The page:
* Preventing sexually transmitted infections (STIs), including HIV/AIDS. Improved access to condoms, both male and female, reduces the rate at which STIs, including HIV, are spread. Moreover, to the extent that HIV-positive women are better able to prevent unplanned pregnancies and births, they are also helping to reduce the rate of new HIV infections.
* Empowering women. Women who can control the number and timing of their children can take better advantage of educational and economic opportunities, improving their own future and that of their families.
* Promoting social and economic development and security. High population growth hampers poor countries’ economic development as their expanding populations compete for limited resources such as food, housing, schools and jobs. Rapid and unsustainable population growth renders societies more unstable and can lead to greater civil unrest.
* Protecting the environment. Since so many women worldwide want fewer children than their mothers did, increasing their access to voluntary family planning services will further slow population growth rates. Rapidly growing population exacerbates environmental degradation and strains the world’s resources.
Even though the benefits of investing in family planning are many and well documented, the United States is lagging far behind the financial commitments it made, along with other developed and developing countries, at the 1994 International Conference on Population and Development. According to that pledge, the United States should be funding family planning and reproductive health services at a level greater than $1 billion annually, twice as much as it is investing currently.
Please take a second and ask the 2008 presidential candidates to support the right to family planning: http://www.freechoicesaveslives.org/campaign/World_Population_Day
Posted by Yalda Afshar on July 10, 2008
put together by friends and a few familiar faces from the bay. enjoy.
Posted by Yalda Afshar on July 8, 2008
Wrote a Letter to the Editor in response to an article (Teen pregnancies at 30-year low). I doubt it will get published, so here it is:
In the midst of pop-star teen pregnancies and the Massachusetts high school pregnancy-anomaly, thank you for publishing “Teen pregnancies at a 30-year low” (29 June 08). Nevertheless, though the 30-year trends of sexual activity in teens are down from 117 to 72 per 1,000 women (age 15-19), teens are having sex. The Guttmacher Institute, a non-profit organization focused on sexual and reproduction health research and education has compiled a focused epidemiological-analysis of sexual health practices of U.S. adolescents. By the age of 15, only 13% of teens have ever had sex. However, by the time they reach age 19, seven in 10 teens have engaged in sexual intercourse. If most of our youth are engaging in sex for the first time at 17, but are not in domestic-partnerships until their middle or late 20s this means that young adults are at risk of unwanted pregnancy and sexually transmitted infections (STIs) for nearly a decade. Simply stated, a sexually active teen that does not use contraceptives has a 90% chance of becoming pregnant within a year. How do we morally juxtapose this with making sure that each child brought into this world is a wanted child and will be raised in a supportive environment?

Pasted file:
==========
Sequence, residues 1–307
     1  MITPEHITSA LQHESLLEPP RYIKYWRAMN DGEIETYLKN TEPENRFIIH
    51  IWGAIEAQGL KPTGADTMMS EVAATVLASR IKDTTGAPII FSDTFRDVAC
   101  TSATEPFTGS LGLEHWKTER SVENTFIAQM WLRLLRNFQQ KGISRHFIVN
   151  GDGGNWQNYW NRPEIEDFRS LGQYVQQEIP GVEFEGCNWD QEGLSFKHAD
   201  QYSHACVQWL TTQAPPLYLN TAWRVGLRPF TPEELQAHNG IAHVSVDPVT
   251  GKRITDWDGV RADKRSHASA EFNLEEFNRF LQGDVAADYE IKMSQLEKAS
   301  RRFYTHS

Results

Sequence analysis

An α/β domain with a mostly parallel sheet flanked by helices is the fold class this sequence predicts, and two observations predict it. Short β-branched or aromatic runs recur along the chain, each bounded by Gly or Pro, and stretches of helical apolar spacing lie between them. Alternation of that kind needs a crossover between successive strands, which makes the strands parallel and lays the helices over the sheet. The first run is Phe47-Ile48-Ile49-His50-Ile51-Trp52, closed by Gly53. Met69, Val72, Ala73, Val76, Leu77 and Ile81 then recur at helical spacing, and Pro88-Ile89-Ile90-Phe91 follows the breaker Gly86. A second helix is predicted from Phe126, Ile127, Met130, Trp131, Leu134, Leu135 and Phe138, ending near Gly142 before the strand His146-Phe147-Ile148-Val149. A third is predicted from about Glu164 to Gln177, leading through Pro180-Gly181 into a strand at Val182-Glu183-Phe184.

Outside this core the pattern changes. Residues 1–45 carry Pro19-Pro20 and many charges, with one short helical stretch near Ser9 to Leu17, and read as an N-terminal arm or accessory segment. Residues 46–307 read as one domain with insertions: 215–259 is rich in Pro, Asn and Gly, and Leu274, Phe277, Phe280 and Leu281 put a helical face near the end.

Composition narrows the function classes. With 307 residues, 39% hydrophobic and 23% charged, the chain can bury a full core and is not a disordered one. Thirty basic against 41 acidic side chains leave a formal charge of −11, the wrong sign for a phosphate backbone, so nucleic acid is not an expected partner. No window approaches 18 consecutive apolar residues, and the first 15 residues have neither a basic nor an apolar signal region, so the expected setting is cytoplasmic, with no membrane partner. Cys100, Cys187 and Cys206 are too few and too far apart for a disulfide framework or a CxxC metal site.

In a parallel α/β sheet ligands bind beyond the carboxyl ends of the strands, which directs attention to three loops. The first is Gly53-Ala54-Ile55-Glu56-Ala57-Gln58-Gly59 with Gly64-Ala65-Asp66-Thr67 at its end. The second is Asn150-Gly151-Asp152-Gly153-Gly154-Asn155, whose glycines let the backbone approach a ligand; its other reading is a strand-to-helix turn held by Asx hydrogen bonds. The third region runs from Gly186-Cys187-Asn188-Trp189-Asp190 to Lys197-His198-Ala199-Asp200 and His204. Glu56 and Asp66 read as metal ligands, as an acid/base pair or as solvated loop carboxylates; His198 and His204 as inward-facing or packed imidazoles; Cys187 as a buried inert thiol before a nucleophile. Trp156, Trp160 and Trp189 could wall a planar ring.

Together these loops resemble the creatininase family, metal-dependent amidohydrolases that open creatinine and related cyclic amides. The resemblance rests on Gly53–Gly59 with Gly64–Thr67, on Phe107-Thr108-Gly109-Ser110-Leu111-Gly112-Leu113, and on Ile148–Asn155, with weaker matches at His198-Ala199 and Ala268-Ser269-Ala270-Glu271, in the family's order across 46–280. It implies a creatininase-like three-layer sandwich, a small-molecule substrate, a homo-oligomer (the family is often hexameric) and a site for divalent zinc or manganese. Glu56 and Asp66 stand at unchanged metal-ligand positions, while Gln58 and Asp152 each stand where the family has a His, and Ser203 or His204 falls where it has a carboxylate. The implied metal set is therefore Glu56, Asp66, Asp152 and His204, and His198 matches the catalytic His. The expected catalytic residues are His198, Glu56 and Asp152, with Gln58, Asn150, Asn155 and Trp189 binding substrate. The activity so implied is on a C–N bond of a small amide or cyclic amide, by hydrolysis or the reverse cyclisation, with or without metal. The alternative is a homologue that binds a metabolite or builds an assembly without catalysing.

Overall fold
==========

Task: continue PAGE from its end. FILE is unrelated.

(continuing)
Illinois has been on the forefront of many progressive health measures. In 2006 Blagojevich helped Illinois become the first state in the nation providing comprehensive health insurance for every child in Illinois. Just last week Senators Obama and McCain co-sponsored the President’s Emergency Plan for AIDS Relief (PEPFAR) to allow for funding of health initiative to global HIV/AIDS, malaria and tuberculosis. Sexual education and family planning are health initiatives and in this vain we have to urge our elected officials to prohibit abstinence-only sex education funding in Illinois. Title V and Community Based Abstinence Education (CBAE) grants are a misuse of tax dollars. Abstinence-only programs are inaccurate, ineffective, and incomplete in educating our youth on crucial sexual and reproductive health issues. Almost $8 million pours into Illinois each year from the federal government for abstinence-only programs. These programs censor what educators can teach and fail to provide teens with comprehensive information. Currently, funding for such comprehensive programs is not available.
Ninety percent of publicly funded family planning clinics counsel clients younger than 18 about abstinence and the importance of communicating with parents about sex. Strikingly, sixty percent of teens younger than 18 who use a clinic for sexual health services say their parents know they are there. Among those whose parents do not know, 70% would not use the clinic for prescription contraception if the law required that their parents be notified. Only 1% of all minor adolescents using sexual health services indicate that their only reaction to a law requiring their parents’ involvement for prescription contraception would be to stop having sex. We must urge Governor Blagojevich to reject Title V funds and the Illinois Congressional delegation to defund Title V and CBAE grants and educate and empower our adolescent community.
Yalda Afshar, MD/PhD candidate
Medical Scientist Training Program